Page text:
Today's scientists are already hard
at work on new ideas for spaceflight in the future. New technology is being
developed to help propel spacecraft into Earth orbit -- and beyond. NASA researchers
are studying ways to create more powerful and more efficient rockets. Engineers
are considering things such as energy beamed from the ground, ions, and
plasma as possible concepts for next-generation engines. Next to all of
these super-high-tech ideas, one spaceflight possibility sounds remarkably
simple -- string.
|A tether deployed from a rocket stage.
Needless to say, if it's going to
help propel spacecraft and satellites into higher Earth orbits, and beyond,
it has to be some high-tech string. More accurately, the technology is
called space tethers. A tether is essentially just something used to tie
one object to another. On Earth, tethers are generally used to keep something
in place. In space, however, tethers could serve several useful purposes.
One of the uses being examined would be to move satellites into higher orbit,
or even to help send spacecraft out into the solar system. This would
be done using a process known as momentum exchange. The system would
involve placing a satellite in orbit that would be used to boost other
objects further from Earth. This satellite would consist of a tether
with a grappling mechanism on one end that could "grab" the items being
boosted. On the other end of the tether would be a counter mass, which
would serve to keep the tether taut. The tether itself could be tens
to hundreds of kilometers in length. Researchers are still looking into
what materials would make the best space tethers. In fact, one possibility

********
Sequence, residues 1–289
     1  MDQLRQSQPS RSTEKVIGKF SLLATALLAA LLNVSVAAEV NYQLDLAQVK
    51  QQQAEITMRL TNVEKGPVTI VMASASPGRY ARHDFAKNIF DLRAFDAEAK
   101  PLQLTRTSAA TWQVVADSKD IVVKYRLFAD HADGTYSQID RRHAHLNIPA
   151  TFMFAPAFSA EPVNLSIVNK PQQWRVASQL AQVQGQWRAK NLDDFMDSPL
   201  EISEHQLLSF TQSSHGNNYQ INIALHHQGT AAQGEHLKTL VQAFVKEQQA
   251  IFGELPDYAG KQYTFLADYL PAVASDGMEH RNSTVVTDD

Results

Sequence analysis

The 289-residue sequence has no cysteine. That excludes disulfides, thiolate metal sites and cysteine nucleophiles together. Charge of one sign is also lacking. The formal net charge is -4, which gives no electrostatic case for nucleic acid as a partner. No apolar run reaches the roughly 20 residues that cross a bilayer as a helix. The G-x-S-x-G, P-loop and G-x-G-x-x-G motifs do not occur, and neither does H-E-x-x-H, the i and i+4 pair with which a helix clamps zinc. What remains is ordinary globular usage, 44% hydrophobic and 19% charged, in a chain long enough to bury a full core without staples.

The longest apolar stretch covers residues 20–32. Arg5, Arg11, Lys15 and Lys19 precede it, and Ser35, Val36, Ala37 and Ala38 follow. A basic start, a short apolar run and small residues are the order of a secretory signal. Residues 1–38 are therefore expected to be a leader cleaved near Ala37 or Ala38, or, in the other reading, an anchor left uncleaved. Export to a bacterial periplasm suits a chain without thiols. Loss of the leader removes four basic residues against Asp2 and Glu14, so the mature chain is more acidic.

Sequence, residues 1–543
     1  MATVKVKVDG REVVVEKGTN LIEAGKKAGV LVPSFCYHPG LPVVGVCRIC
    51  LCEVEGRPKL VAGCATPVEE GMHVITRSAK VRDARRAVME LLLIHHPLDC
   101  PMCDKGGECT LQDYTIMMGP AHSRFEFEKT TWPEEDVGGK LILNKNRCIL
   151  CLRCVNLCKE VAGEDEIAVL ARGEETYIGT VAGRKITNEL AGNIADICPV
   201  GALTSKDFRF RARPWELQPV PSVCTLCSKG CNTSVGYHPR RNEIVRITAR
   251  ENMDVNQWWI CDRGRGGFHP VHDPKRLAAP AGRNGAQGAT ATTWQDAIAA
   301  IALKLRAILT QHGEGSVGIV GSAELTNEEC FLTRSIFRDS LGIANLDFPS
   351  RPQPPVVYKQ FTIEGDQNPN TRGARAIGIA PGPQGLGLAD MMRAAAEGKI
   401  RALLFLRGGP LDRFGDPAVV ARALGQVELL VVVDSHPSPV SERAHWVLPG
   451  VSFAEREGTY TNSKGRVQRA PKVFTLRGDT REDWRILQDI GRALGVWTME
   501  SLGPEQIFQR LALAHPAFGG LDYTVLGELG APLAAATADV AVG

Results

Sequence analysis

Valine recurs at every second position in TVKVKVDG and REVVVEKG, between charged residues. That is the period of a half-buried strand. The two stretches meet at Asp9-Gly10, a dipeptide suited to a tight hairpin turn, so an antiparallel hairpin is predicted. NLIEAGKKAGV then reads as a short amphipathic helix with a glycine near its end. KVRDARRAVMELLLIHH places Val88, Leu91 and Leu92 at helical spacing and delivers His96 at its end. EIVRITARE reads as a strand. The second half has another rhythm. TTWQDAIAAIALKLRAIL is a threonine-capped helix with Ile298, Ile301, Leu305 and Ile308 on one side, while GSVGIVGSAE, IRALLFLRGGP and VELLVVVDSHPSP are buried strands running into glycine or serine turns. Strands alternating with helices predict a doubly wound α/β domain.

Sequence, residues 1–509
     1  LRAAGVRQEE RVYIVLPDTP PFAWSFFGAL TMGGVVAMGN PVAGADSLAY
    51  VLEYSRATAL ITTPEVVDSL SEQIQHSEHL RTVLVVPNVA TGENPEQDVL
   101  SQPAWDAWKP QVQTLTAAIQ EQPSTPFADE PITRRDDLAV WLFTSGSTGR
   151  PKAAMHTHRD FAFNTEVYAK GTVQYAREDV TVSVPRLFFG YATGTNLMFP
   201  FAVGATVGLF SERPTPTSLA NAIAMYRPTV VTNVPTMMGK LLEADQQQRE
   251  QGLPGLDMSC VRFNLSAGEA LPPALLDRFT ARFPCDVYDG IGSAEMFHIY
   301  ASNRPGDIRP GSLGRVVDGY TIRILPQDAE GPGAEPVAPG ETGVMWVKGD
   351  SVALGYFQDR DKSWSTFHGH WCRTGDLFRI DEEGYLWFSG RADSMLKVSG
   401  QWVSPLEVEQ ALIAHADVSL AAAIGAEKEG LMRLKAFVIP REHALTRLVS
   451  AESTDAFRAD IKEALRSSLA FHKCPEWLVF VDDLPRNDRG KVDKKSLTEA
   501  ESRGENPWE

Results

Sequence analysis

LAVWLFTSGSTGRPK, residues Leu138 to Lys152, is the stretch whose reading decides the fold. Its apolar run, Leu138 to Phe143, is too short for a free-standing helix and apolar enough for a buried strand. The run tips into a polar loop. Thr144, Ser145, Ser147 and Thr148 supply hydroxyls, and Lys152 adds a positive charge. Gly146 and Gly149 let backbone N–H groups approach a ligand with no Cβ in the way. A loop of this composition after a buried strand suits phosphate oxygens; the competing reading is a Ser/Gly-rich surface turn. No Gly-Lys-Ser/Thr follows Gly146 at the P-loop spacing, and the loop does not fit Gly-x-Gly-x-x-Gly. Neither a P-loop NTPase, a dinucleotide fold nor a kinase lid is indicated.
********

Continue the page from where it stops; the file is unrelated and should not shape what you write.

is based on fishing line! The tether will have to be able to resist the
corrosion caused by atomic oxygen in the upper reaches of Earth's atmosphere,
as well as damage from micrometeoroids.
When the new satellite
or space probe is launched, the spinning tether system captures it and
essentially "flings" it farther from Earth. Using a method such as
this would greatly reduce the altitude to which an object would have to
be launched initially. This, in turn, would cut down on the needed power
of the rocket used to launch it, which, of course, would reduce the cost
of the launch. Researchers believe that satellites could be placed in a
geosynchronous orbit for as little as one-half of the current launch cost.
|A tether hangs from an orbiting satellite.
Of course, nothing
good is ever free, and that includes placing satellites into better orbits.
The system is called momentum exchange because it does just that -- exchanges
momentum from the orbiting tether to the boosted satellite or probe. That
means that the tether loses momentum, and falls closer to the Earth as
the other object moves further from it. Without a way to reboost the tether
satellite, it could only perform the momentum exchange technique a very
limited number of times before dropping into Earth's atmosphere. That's
where another use of space tethers comes in.
Another technology NASA researchers
are developing is the Electrodynamic Tether (EDT). As the long wire of
an EDT passes through Earth's magnetic field, it sets up a voltage along
the tether. This voltage makes electrons flow down the tether, like water